Introduction To Python: About python and download links
Well I have been learning programming for the game server of cipher contest I and Zubin Mithra (http://zubin71.wordpress.com) are working on. Don’t know who else is there in this project with us. Think there will definitely more working on this with us.
So, I have been fooling around with Python. This is just a brief introduction about Python.
Python is simple to use, but it is a real programming language, offering much more structure and support for large programs than shell scripts or batch files can offer. On the other hand, Python also offers much more error checking than C, and, being a very-high-level language, it has high-level data types built in, such as flexible arrays and dictionaries. Because of its more general data types Python is applicable to a much larger problem domain than Awk or even Perl, yet many things are at least as easy in Python as in those languages.
Python allows you to split your program into modules that can be reused in other Python programs. It comes with a large collection of standard modules that you can use as the basis of your programs — or as examples to start learning to program in Python. Some of these modules provide things like file I/O, system calls, sockets, and even interfaces to graphical user interface toolkits like Tk.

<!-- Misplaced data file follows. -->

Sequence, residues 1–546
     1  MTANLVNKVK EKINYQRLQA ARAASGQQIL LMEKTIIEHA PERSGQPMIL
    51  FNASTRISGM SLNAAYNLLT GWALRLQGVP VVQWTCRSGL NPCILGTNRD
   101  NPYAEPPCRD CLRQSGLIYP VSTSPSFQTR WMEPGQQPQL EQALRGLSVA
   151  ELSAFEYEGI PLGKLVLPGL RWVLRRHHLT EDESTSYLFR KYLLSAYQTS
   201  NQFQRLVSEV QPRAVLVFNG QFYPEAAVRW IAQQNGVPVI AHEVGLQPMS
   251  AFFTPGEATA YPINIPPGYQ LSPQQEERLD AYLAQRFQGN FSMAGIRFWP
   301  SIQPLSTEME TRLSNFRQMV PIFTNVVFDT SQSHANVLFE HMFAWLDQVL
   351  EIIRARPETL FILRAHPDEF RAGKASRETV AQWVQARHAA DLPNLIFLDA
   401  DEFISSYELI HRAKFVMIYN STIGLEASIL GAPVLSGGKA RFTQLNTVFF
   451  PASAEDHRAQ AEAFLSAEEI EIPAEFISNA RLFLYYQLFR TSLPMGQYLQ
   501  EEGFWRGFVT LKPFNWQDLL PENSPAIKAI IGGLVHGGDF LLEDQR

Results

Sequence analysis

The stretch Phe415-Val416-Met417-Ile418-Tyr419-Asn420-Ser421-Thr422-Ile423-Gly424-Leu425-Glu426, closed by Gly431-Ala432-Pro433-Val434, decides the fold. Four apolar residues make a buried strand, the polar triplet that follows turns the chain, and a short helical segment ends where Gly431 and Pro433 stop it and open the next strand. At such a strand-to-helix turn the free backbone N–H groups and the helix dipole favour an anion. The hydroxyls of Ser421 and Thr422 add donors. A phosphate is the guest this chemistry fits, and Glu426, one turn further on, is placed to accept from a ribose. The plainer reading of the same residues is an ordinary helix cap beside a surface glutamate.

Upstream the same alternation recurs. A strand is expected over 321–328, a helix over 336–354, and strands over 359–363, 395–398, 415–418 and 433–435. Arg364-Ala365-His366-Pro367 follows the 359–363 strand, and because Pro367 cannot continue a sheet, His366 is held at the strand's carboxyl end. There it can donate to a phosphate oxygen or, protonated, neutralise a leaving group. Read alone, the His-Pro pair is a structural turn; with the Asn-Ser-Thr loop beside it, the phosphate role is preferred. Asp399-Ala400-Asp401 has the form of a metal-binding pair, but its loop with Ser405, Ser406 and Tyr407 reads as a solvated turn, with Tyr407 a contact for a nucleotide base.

Python is an interpreted language, which can save you considerable time during program development because no compilation and linking is necessary. The interpreter can be used interactively, which makes it easy to experiment with features of the language, to write throw-away programs, or to test functions during bottom-up program development. It is also a handy desk calculator.
Python enables programs to be written compactly and readably. Programs written in Python are typically much shorter than equivalent C, C++, or Java programs, for several reasons:
- the high-level data types allow you to express complex operations in a single statement;
- statement grouping is done by indentation instead of beginning and ending brackets;
- no variable or argument declarations are necessary.
Python is extensible: if you know how to program in C it is easy to add a new built-in function or module to the interpreter, either to perform critical operations at maximum speed, or to link Python programs to libraries that may only be available in binary form (such as a vendor-specific graphics library). Once you are really hooked, you can link the Python interpreter into an application written in C and use it as an extension or command language for that application.
By the way, the language is named after the BBC show “Monty Python’s Flying Circus” and has nothing to do with reptiles. Making references to Monty Python skits in documentation is not only allowed, it is encouraged!
You can download Python here. All downloads redirect to files hosted at www.python.org, the official site for Python. The current version is 3.0.1, released on 13 February 2009.
Mac OS X Installer Disk Image (3.0.1) (unsigned)
MD5 checksums and sizes of the released files:
220b73f0a1a20c4b1cdf9f9db4cd52fe 11258272 Python-3.0.1.tgz. 7291eac6a9a7a3642e309c78b8d744e5 9495088 Python-3.0.1.tar.bz2 be8f57265e1419330965692a4fa15d9a 13702656 python-3.0.1.amd64.msi ffce874eb1a832927fb705b84720bfc6 13434880 python-3.0.1.msi b17949fe1aa84c7b1b5c8932046c5b6f 16984391 python-3.0.1-macosx2009-02-14.dmg if the above links are obsolete, then go here to get the latest version http://www.python.org/download/